Studies of conflicts past and present are being increasingly used in the classroom to complement lessons on subjects such as the Holocaust and slavery.
Teachers at Tottington high school in Norfolk in the south-east recently organised a classroom debate to discuss problems affecting the fictional country of Tottonia, in a scenario inspired by similar issues in Iraq and Afghanistan, and similar lessons are taking place across the UK, reports the Guardian.
Certain areas of the national curriculum are being relaxed across the education system, giving teachers greater flexibility to approach subjects with more creativity.
A spokesman for the Department for Children, Schools and Families, told the paper: "We're pleased to see any school working out their own, best way of presenting the subject."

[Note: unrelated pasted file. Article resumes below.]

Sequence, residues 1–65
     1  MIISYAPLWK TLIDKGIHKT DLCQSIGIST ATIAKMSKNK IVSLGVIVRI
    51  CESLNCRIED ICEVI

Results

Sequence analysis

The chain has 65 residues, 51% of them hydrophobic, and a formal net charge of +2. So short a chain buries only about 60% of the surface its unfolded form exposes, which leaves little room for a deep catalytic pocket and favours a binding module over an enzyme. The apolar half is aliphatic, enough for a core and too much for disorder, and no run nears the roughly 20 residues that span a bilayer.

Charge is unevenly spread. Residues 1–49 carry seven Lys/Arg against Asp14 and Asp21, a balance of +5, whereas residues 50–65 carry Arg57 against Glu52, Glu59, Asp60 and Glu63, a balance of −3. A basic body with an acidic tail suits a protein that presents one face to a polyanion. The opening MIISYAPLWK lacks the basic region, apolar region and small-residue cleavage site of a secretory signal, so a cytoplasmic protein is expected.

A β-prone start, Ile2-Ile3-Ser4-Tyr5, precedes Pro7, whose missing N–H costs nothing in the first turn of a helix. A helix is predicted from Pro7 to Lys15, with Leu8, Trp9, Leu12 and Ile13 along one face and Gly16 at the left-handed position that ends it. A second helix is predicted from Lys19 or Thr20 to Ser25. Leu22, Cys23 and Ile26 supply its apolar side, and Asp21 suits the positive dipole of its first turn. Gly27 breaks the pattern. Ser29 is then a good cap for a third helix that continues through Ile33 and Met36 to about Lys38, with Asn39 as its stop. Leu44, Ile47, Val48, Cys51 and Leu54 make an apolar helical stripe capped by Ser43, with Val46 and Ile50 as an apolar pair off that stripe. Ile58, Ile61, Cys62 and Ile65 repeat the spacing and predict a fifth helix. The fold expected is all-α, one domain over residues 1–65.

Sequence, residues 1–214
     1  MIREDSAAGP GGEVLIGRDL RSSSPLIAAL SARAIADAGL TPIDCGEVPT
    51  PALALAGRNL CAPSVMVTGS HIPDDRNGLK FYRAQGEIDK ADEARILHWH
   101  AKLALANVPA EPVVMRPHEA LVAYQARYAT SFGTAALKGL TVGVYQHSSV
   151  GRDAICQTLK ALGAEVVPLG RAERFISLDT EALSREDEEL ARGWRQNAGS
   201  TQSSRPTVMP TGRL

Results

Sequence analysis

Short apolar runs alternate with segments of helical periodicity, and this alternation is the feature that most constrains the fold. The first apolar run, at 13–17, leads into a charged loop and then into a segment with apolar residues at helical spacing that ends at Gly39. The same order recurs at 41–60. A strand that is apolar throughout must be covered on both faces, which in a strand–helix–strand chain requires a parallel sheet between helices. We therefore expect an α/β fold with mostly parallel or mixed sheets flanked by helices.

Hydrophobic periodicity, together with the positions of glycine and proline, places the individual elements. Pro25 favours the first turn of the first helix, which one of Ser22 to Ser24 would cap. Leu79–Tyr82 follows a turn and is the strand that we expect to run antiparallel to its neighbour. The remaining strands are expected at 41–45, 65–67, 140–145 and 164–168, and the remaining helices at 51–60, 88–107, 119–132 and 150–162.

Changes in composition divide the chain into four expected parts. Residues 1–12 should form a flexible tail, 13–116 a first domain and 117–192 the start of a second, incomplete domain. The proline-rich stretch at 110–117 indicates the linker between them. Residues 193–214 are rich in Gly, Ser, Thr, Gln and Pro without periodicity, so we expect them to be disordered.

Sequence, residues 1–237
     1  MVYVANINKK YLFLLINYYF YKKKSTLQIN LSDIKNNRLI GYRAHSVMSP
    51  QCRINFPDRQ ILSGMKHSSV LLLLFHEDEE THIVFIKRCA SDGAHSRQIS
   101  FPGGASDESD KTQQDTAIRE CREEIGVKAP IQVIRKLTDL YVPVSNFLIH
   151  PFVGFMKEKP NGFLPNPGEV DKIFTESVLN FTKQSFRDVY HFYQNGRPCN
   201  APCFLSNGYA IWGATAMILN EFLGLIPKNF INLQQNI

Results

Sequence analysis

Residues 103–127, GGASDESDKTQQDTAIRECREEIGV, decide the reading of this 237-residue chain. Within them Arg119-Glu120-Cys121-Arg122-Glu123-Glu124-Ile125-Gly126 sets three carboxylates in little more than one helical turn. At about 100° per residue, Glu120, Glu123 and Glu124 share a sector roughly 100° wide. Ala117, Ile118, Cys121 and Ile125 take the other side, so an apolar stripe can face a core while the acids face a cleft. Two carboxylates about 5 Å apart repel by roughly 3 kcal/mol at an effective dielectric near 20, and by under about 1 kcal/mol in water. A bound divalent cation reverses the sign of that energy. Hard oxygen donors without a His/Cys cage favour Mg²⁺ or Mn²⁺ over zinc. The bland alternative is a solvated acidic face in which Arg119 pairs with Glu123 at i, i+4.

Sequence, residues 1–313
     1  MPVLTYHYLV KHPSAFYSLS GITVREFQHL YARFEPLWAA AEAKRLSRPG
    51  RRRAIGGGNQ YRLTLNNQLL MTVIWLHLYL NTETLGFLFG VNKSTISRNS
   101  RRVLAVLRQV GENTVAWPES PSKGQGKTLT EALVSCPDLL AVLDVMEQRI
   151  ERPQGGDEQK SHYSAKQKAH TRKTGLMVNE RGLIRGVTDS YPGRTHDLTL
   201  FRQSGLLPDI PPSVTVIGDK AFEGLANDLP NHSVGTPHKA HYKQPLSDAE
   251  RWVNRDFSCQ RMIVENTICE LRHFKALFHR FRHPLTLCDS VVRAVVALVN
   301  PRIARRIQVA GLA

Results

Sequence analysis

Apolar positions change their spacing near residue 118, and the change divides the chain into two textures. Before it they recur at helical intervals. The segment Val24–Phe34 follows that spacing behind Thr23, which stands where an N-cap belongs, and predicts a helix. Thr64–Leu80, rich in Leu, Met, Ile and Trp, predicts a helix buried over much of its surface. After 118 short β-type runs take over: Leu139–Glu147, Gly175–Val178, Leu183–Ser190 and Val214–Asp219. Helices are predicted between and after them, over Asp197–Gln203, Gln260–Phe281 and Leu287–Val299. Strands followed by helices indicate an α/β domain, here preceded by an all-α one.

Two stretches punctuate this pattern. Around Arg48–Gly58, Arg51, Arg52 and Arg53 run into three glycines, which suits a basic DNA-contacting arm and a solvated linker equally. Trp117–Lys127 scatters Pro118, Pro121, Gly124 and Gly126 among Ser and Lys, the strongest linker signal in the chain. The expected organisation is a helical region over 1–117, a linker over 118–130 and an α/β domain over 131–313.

In addition, trips to European battlefields are easier to arrange to help bring a greater sense of perspective to what children learn in the classroom, with the trenches of the Somme reachable in a day-trip.
In other news, Steve Fuller, a sociology professor at Warwick University, has called for schoolchildren to be taught media literacy in order to make them less susceptible to modern advertising techniques, reports the Observer.
Written by Charlotte Michaels.